On Friday, the mayor of a district in Romania’s capital of Bucharest announced support for a proposal to rename a street where the Belarus Embassy is located for the young Pratasevich.

When he was 16, Mr. Pratasevich became a member of the Young Front, a youth organization that helped organize anti-Lukashenko’s protests after the 2010 election. He was detained by police several times and eventually expelled from his high school in Minsk.

As a journalism student, he worked for the Belarusian service of the U.S.-funded broadcaster Radio Free Europe/Radio Liberty and other outlets.

Mr. Pratasevich joined the protests in neighboring Ukraine in 2014 that ousted its Moscow-leaning president, sustaining an injury in a clash with police. He was wounded again the next year during fighting between Ukrainian forces and Russia-backed separatists in eastern Ukraine.

Mr. Lukashenko and other Belarusian officials alleged Pratasevich fought as a “mercenary” in eastern Ukraine, but Andriy Biletskiy, who led the Azov volunteer battalion in the region, insisted Pratasevich was working as a journalist there.

Mr. Pratasevich was expelled from Belarusian State University in 2018 as punishment for his cooperation with independent media, and he left the country the next year amid growing official pressure.

He shot to fame in 2020 when he and another young journalist, Stsiapan Putsila, set up a channel on the Telegram messaging app called Nexta, which sounds like the word for “somebody” in Belarusian.

It became immensely popular as massive protests swept Belarus after Mr. Lukashenko’s reelection to a sixth term in the August balloting that was widely seen as fraudulent.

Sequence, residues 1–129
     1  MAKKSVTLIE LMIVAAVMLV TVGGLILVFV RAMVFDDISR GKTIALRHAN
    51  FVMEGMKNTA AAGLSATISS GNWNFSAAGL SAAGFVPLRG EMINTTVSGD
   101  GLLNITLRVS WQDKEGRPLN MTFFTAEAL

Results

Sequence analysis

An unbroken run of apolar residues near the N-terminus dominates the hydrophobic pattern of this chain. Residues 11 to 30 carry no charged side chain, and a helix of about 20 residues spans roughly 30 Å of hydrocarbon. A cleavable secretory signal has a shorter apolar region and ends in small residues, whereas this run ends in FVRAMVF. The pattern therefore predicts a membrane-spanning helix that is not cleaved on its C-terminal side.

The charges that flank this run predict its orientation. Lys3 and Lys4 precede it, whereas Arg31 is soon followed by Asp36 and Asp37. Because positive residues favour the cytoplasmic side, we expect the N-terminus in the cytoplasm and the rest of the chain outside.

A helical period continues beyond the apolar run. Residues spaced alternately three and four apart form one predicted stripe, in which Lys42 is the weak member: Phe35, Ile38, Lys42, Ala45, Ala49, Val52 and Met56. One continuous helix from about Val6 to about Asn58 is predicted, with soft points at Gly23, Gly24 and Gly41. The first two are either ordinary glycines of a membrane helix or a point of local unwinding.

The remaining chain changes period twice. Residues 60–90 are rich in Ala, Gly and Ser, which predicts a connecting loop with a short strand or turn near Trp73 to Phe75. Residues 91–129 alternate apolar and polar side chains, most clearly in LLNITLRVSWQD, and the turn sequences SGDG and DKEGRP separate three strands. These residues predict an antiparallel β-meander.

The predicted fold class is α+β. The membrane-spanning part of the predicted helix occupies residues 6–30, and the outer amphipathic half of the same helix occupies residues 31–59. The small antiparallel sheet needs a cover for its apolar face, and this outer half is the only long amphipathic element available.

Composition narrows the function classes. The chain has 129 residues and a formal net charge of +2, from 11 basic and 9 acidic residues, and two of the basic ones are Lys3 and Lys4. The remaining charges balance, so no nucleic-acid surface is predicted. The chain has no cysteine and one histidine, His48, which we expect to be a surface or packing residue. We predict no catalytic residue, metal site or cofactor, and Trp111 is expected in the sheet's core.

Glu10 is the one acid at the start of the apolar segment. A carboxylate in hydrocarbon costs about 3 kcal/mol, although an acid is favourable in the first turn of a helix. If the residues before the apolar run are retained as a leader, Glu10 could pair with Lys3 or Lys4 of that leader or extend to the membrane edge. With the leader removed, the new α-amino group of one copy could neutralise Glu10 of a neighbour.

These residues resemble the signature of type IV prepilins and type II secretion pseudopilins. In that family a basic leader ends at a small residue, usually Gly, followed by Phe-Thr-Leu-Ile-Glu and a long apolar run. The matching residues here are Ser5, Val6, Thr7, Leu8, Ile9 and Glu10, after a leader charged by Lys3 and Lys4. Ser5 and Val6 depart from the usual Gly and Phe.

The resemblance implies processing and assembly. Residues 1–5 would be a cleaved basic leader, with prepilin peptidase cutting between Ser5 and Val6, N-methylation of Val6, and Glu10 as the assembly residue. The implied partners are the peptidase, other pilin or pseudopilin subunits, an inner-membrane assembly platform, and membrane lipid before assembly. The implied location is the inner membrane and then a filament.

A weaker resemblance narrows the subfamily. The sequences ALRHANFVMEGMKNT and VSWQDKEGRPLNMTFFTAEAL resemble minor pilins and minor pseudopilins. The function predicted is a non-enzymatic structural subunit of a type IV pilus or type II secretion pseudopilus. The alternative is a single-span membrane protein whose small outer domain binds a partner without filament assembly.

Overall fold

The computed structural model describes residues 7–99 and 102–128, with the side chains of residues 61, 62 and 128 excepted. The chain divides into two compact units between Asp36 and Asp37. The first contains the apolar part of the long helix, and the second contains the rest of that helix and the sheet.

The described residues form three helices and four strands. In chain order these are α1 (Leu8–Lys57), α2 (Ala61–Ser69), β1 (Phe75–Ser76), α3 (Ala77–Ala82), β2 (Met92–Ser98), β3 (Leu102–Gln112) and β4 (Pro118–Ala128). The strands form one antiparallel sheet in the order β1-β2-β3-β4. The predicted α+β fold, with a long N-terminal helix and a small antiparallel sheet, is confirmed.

The Nexta channel boasted nearly 2 million subscribers in the nation of 9.3 million, and was an important tool in mounting the demonstrations, the largest of which drew up to 200,000 people. It would provide information about the location of the protest, give directions for bypassing security cordons, and carried photos, video, and other content from users about the police crackdown.

“We have become a voice for every Belarusian,” Mr. Pratasevich said at the time. He said Nexta had only four employees who worked 20 hours a day.

Mr. Viachorka said that even in the most desperate situations, Mr. Pratasevich “would tell Belarusians not to give up. Lukashenko targeted him because he was so visible, brave and bright.”

Infuriated Belarus authorities labeled Nexta as “extremist,” a designation that carries criminal charges against anyone who shares its materials on the internet. Mr. Pratasevich and Mr. Putsila were charged with inciting mass disturbances and fanning social hatred.